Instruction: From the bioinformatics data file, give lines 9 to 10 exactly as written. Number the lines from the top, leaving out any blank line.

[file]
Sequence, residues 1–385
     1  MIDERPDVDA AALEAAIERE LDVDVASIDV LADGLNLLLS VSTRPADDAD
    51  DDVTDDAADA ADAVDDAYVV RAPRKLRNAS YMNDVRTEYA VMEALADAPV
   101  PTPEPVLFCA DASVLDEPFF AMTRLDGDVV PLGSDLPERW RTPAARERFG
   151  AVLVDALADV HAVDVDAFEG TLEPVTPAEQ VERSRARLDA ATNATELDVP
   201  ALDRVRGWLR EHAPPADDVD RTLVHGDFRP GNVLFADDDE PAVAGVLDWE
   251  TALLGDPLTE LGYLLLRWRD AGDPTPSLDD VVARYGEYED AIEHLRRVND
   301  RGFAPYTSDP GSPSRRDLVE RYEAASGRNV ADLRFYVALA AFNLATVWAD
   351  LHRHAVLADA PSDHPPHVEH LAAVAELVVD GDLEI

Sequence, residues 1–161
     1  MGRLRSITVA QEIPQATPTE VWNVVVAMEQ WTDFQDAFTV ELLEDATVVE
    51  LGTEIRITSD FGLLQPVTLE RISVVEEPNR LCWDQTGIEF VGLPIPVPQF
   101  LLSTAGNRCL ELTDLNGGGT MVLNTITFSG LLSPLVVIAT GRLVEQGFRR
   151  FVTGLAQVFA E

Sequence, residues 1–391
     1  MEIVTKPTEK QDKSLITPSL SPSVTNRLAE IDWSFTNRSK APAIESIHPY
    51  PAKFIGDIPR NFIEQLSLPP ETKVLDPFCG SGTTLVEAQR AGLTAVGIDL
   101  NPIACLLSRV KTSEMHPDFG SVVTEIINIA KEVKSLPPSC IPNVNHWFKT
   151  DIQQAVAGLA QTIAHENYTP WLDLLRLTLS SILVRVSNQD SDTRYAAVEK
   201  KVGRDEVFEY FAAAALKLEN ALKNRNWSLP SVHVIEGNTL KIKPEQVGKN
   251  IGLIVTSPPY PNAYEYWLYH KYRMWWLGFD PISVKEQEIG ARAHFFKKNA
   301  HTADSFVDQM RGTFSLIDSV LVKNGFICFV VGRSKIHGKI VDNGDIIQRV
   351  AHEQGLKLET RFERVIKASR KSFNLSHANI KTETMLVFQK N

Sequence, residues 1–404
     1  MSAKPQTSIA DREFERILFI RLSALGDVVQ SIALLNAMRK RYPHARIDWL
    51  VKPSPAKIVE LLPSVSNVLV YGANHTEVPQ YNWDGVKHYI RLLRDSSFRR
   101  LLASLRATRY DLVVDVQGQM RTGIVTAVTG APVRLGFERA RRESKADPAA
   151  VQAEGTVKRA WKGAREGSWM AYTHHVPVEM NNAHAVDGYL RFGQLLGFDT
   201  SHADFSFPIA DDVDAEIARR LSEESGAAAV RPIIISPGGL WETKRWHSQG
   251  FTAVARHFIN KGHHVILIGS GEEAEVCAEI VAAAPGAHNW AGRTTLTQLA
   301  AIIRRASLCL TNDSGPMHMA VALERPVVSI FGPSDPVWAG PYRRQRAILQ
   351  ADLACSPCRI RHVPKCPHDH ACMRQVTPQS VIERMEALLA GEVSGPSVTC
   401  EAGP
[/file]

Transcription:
   351  LHRHAVLADA PSDHPPHVEH LAAVAELVVD GDLEI

Sequence, residues 1–161